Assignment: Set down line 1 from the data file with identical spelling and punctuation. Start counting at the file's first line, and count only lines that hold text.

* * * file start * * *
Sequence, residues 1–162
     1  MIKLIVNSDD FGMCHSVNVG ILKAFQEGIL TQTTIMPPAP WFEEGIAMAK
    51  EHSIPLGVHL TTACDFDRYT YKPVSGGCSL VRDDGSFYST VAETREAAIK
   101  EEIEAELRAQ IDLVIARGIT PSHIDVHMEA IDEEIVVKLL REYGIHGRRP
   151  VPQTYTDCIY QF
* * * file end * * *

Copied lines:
Sequence, residues 1–162